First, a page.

Now is undoubtedly a good time for reflecting, looking back

  • The Rev. Greg Asimakoupoulos' father was on the USS Missouri for the formal surrender ceremony ending World War II. The 19-year-old Marine corporal is in the lower right, looking back at the camera.

    The Rev. Greg Asimakoupoulos' father was on the USS Missouri for the formal surrender ceremony ending World War II. The 19-year-old Marine corporal is in the lower right, looking back at the camera. Courtesy of Greg Asimakoupoulos

  • Rev. Greg Asimakoupoulos

    Rev. Greg Asimakoupoulos

 
By the Rev. Greg Asimakoupoulos
Special to the Daily Herald
Updated 8/28/2020 2:14 PM

Seventy-five years ago, a worldwide audience fixed their gaze on Tokyo Bay as the Japanese formally surrendered, bringing an end to World War II.

The deck of the USS Missouri became a floating stage on which the delicate dance of peace was performed. It would prove to be a dance of destiny choreographed by a five-star general.

                                                                                                                                                                                                                       
 

Douglas MacArthur's Parker pen became the baton with which he conducted an overture that preceded the opening curtain of an unforgettable scene. It is a scene we recall with grief and gratitude alike this week. The price tag of the performance was the currency of human life. But the curtain call continues after all these years in the land of the free and the home of the brave.

A 19-year-old Marine corporal from Arrow, Idaho, stood 20 feet behind General MacArthur on Sept. 2, 1945.

From his unique perspective, he was an eyewitness to history. But he was not alone. Hundreds of others stood near him in uniformed allegiance.

Proudly perched, these sailors and Marines recognized the significance of the drama playing out before them. Autographs on parchment attested to the negotiated peace. These signatures secured a surrender reluctantly offered.

From what I've been told it was a somber ceremony that efficiently achieved the desired outcome with dignity. It was a moment in time that we remember 75 years later while the ghosts of the past look on and salute.

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The reason I know so much about that historic occasion is because my late father was that 19-year-old corporal. Several famous photographs from the surrender ceremony include my dad.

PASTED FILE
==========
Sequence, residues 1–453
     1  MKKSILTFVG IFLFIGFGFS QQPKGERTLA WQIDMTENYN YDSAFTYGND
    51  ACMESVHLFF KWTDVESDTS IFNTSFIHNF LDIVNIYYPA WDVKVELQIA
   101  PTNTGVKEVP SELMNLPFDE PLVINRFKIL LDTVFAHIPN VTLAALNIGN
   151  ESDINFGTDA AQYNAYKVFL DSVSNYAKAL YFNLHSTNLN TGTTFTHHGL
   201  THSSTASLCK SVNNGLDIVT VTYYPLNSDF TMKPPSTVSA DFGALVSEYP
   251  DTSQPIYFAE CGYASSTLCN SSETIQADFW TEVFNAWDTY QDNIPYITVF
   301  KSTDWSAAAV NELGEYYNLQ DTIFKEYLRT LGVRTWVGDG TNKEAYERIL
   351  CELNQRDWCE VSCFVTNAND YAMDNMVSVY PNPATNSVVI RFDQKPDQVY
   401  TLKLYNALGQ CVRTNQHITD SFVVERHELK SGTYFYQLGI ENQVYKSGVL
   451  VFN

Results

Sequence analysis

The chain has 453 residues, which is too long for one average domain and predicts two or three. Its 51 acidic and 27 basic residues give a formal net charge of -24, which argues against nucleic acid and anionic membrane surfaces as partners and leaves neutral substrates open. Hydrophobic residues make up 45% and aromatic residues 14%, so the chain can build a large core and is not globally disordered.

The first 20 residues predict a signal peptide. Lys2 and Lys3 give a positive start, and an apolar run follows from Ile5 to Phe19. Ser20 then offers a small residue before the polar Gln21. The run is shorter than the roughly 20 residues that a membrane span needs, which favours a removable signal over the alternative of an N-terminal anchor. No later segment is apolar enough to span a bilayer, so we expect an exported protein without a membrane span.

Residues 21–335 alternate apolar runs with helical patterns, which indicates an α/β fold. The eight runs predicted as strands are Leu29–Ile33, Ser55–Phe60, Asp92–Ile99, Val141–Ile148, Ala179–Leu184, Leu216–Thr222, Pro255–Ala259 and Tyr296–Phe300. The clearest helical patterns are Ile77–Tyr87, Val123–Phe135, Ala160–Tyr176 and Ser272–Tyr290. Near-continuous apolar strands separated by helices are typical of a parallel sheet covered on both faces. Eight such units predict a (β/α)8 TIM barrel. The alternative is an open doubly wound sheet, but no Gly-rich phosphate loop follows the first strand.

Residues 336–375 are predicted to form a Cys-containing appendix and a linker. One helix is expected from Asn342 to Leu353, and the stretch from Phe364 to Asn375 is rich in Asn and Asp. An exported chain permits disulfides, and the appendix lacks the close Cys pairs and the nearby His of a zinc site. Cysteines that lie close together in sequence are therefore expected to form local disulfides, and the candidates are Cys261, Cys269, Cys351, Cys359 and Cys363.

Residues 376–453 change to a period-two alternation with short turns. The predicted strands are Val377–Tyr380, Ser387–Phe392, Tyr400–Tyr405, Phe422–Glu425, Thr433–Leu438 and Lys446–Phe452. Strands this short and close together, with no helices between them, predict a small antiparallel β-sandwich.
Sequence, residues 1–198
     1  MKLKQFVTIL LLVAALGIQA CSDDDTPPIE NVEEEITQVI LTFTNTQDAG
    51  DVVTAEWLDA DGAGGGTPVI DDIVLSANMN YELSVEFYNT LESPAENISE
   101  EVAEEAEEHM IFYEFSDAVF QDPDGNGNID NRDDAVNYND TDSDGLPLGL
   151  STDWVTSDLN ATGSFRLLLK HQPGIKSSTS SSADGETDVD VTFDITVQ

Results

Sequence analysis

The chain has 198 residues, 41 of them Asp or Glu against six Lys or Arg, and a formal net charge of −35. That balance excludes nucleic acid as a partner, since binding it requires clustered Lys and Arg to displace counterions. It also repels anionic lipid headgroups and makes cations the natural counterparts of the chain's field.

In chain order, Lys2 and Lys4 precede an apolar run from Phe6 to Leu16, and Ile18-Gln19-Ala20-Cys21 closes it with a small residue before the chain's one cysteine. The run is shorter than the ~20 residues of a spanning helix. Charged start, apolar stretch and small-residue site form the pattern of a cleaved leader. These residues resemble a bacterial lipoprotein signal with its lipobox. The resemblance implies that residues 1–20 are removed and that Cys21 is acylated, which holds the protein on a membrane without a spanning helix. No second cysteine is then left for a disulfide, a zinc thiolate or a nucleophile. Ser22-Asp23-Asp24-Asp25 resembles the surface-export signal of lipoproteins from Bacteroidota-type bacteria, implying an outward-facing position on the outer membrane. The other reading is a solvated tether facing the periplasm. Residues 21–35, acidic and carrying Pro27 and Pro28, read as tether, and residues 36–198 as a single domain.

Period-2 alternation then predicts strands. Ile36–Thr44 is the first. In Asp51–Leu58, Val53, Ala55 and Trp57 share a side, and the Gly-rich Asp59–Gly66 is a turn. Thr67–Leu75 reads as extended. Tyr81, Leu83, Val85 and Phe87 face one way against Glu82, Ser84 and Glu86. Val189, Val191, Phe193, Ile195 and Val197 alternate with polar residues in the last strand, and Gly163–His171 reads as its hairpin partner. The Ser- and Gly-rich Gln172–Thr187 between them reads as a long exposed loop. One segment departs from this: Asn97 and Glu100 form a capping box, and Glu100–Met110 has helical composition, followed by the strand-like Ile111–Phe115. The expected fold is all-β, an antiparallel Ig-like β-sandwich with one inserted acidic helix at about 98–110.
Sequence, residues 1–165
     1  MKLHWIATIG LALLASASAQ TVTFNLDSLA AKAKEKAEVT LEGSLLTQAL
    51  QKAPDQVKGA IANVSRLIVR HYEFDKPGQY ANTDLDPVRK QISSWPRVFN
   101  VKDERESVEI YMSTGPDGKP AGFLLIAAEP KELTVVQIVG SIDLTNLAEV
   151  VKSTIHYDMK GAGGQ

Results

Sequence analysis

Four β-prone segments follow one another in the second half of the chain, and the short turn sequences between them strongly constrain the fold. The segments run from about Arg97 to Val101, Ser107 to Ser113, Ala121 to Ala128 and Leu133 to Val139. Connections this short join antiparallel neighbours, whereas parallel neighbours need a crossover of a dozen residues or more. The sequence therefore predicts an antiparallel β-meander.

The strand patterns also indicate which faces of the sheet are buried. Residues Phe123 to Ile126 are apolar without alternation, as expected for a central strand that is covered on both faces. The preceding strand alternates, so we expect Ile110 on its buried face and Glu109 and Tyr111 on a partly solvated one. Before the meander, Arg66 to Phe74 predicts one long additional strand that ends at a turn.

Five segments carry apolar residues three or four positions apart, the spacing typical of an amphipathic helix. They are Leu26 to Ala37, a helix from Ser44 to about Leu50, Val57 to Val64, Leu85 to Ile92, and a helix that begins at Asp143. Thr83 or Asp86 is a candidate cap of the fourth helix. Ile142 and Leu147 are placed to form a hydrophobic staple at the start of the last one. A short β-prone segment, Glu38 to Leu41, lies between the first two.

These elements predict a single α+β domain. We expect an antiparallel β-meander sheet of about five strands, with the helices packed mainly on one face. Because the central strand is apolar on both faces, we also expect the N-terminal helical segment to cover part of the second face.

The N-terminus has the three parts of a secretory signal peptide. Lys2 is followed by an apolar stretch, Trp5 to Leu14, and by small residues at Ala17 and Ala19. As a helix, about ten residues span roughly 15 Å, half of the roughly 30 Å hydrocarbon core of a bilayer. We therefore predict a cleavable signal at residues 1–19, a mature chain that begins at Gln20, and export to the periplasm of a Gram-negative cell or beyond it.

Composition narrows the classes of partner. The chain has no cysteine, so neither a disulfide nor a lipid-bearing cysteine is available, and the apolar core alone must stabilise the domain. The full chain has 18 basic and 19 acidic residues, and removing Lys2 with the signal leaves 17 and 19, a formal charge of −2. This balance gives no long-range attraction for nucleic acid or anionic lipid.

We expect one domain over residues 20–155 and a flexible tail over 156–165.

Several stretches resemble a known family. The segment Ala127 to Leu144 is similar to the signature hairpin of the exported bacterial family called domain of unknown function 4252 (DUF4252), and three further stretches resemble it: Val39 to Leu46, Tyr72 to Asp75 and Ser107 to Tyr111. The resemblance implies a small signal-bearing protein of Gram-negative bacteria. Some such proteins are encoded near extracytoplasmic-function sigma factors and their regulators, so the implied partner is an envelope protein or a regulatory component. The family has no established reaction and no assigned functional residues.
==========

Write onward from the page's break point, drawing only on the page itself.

In most of the pictures, he is standing soldier straight with his hands clasped behind his back. But my favorite photo finds my father crouched on his haunches looking back toward a camera that captured his countenance.

My dad didn't even know that photograph existed until 20 years after the fact. One afternoon he was seated in a barbershop waiting his turn. While browsing an American Legion magazine that chronicled the 20th anniversary of the surrender, he turned a page and saw himself. He could hardly contain himself.

While showing the magazine photo to family members, my dad explained why he was looking back while everyone else was facing forward.

A Russian photographer on the ship was jockeying for position on a makeshift ladder. Losing his balance, he dropped his camera.

                                                                                                                                                                                                                       
 

The crash caused my dad to turn to see where the noise was coming from. At that very moment, another member of the press corps was snapping a photo of the surrender ceremony.

Amid the "noise" of nonstop headlines crashing in on us during this unprecedented season in our nation, this is a time to look back and reflect.

We would do well to recall what peace looks like.

At the same time, we would benefit from being reminded how costly war really is.

Looking at all the signatures on that yellowed peace treaty would be a positive reminder of the strength that is found in working together.

We need to be reminded that positive change is possible when allied forces form an alliance against totalitarian terrorism, climate change or a global pandemic.

So much in our world has changed since that September day in Tokyo Bay. But much remains the same. Racism and injustice refuse to surrender.

Faith and science continue to pick fights with each other.

The threat of nuclear war still successfully fuels a fragile peace.

And a commitment to the core values of our democracy remains visible. Liberty's heart continues to beat strong, as seen in the tireless demonstrations and protests that freely voice differing opinions.

Yes, this is a time to look back so that we might look forward with a focus on a common vision of liberty and justice for all.

• The Rev. Greg Asimakoupoulos writes about faith and religion. A former Naperville pastor, he now lives in Washington.

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